The Almanack by Martine Bailey
Isn’t this one of the most beautiful covers you’ve ever seen? Tabitha receives a summons from her mother to return home to her village of Netherlea from London, where she has been living a glamorous courtier’s life. She returns home to find her mother dead, just the night before, having drowned in the stream near their house. Although the rector is firm that the cause of death stands, things don’t add up for Tabitha, including the broken front door latch on her mother’s cottage or her mother’s head wound. She begins looking into her mother’s death, a threatening note signed by the same man who writes the yearly Almanack that the widow Hart lived by as her main clue. Tabitha pairs up with an educated newcomer in town to try to solve her mother’s murder. Soon another body, the Lord’s son, is found with a similar threatening note attached, and Tabitha’s new friend/lover is jailed for the crime, but she knows he didn’t do it. Can Tabitha work it all out and save the man she loves, as well as keep the entire village safe from further murders, before it’s too late?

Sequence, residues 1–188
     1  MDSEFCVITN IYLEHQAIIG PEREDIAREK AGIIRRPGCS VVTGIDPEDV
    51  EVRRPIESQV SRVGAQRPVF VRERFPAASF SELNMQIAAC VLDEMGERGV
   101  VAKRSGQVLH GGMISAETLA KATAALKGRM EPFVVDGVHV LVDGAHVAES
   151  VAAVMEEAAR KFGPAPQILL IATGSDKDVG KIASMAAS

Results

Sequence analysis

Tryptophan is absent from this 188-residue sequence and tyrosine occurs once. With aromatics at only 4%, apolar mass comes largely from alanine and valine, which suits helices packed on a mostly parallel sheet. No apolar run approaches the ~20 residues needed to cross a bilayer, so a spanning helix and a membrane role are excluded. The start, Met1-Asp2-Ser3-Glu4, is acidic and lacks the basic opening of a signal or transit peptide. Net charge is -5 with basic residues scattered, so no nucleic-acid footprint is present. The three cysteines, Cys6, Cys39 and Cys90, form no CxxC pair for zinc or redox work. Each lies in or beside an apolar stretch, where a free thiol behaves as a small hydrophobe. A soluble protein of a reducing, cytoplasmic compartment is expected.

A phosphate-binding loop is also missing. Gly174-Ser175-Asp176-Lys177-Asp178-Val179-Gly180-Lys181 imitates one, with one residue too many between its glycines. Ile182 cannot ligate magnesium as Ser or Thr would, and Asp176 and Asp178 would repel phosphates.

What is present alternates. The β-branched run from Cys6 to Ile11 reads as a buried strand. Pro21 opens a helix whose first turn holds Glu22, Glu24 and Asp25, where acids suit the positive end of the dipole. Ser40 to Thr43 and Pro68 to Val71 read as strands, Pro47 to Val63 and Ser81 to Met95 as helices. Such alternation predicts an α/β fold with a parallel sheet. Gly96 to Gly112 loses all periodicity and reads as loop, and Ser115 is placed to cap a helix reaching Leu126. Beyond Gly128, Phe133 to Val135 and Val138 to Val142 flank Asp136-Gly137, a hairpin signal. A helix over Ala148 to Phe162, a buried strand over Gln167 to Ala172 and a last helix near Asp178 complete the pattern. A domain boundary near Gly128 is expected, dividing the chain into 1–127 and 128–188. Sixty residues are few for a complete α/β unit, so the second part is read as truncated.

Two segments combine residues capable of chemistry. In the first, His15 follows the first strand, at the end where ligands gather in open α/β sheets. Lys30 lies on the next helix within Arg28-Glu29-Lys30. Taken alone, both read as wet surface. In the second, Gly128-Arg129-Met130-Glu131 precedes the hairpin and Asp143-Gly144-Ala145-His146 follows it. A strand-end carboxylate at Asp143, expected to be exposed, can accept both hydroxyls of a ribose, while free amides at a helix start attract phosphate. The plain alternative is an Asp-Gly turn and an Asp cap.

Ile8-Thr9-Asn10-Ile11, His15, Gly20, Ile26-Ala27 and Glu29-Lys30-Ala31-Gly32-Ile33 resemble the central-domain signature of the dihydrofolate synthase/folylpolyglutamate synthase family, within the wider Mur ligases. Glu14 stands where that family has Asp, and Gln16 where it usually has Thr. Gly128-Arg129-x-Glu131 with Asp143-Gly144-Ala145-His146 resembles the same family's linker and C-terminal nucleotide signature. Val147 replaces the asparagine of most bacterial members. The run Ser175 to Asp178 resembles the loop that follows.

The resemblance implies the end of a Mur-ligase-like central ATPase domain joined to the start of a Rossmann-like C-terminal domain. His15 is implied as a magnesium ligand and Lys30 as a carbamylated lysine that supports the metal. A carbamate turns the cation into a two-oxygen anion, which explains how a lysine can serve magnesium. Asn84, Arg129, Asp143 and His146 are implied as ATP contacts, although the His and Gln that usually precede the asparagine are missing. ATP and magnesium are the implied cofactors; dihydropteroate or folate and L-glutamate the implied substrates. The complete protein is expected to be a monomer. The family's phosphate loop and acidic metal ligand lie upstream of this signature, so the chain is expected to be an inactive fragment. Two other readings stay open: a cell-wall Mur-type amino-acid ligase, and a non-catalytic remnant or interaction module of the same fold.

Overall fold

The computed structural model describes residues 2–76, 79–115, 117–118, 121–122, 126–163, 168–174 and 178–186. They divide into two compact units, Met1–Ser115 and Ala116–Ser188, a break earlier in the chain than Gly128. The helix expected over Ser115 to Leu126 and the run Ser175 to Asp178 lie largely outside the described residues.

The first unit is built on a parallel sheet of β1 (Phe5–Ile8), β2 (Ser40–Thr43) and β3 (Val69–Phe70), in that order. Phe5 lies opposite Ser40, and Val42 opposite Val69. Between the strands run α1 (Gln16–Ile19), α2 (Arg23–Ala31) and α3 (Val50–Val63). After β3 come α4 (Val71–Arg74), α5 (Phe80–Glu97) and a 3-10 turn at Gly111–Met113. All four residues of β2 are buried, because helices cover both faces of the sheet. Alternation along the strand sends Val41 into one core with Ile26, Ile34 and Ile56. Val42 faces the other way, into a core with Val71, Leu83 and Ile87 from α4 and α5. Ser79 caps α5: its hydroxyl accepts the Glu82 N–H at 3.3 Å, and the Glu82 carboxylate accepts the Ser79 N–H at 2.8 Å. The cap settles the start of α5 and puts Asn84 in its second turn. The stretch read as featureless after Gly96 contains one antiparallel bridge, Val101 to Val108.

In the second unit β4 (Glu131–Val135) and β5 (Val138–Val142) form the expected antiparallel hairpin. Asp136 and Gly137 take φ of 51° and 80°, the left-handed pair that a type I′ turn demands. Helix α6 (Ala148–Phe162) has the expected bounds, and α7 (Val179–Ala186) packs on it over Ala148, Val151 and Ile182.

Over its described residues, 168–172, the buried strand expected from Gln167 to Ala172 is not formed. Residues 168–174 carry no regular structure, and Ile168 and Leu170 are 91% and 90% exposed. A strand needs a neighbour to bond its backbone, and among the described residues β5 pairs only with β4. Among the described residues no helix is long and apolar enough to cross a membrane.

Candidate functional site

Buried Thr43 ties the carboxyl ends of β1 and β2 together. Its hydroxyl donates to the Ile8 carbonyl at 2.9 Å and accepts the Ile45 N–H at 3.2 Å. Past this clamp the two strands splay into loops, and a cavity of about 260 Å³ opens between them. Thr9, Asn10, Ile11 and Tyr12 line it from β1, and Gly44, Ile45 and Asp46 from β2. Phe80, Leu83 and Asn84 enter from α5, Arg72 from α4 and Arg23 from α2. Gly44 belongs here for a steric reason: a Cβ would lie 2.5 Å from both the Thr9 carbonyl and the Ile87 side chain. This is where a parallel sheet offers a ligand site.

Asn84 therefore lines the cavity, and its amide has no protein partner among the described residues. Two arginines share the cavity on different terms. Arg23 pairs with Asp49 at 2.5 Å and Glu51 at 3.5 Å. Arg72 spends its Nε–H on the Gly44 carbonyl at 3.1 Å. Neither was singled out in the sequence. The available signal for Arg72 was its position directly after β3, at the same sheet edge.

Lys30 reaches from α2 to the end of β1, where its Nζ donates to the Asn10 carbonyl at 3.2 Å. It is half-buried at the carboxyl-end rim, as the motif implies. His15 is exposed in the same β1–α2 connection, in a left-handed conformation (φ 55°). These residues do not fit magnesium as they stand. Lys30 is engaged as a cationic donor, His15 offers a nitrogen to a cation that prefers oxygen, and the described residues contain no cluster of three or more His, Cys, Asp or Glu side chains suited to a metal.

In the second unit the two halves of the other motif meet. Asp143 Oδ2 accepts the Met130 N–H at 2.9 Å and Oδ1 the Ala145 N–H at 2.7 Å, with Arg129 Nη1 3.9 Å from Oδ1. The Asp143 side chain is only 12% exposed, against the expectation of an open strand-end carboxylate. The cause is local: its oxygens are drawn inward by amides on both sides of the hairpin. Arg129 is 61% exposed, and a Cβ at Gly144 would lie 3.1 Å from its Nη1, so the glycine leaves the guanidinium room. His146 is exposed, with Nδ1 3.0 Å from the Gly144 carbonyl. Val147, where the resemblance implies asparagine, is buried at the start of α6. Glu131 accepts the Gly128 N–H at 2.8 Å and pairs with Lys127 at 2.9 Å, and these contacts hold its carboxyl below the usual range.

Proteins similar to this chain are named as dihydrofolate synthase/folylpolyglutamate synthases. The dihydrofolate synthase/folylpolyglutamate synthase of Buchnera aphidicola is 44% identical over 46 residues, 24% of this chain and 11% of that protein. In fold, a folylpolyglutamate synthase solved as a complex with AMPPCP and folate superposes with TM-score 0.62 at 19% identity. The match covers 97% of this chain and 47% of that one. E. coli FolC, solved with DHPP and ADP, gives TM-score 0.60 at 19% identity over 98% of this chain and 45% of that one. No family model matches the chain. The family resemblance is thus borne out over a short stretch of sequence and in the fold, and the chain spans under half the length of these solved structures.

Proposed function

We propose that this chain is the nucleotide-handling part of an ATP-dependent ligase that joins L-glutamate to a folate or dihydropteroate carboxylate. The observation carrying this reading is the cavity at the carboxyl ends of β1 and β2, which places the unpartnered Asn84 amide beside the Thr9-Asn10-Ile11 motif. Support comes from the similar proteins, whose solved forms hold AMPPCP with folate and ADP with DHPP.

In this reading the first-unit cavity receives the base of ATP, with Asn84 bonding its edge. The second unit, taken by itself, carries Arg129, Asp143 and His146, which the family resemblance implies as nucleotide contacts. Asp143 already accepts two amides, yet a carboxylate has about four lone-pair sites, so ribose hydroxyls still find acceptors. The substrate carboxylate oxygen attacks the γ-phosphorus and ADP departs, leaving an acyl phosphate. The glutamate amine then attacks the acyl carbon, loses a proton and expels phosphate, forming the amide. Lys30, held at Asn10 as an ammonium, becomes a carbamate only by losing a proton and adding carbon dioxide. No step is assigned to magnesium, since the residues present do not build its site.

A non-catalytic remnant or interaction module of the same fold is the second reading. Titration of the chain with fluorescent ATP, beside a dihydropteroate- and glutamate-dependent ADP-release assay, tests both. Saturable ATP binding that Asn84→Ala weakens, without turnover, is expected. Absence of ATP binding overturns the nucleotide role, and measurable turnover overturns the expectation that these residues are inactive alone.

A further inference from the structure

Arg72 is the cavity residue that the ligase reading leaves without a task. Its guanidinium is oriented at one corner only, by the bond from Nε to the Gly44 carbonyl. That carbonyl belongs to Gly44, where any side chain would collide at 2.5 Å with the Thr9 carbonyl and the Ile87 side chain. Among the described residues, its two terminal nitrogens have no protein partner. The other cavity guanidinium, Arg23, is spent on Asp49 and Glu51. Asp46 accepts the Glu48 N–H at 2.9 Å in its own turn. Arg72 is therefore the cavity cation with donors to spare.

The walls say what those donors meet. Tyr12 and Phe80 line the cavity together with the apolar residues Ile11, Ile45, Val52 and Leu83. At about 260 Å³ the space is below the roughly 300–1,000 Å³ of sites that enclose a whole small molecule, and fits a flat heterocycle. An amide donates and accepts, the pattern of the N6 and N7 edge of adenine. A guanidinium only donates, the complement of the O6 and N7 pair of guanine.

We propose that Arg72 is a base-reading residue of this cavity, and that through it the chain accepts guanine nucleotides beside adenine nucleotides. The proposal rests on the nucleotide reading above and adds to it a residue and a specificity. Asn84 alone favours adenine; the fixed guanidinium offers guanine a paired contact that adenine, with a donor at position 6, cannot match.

This book is amazing! I picked it up at the library based solely on its beautiful cover, and what a delight it was inside. Meticulously researched period details provided a rich and transportive setting to the English countryside in the 1700s. Scientific details of the time were conveyed with a sense of excitement and wonder and you could see how people felt they were living in an era of great enlightenment. Bailey did a wonderful job of showing the discord that rose between thinkers of science and those less enlightened, cries of witch being thrown about here and there. The excitement was heart-pounding at times and as the truth unraveled, I was on the edge of my seat. Five stars all around.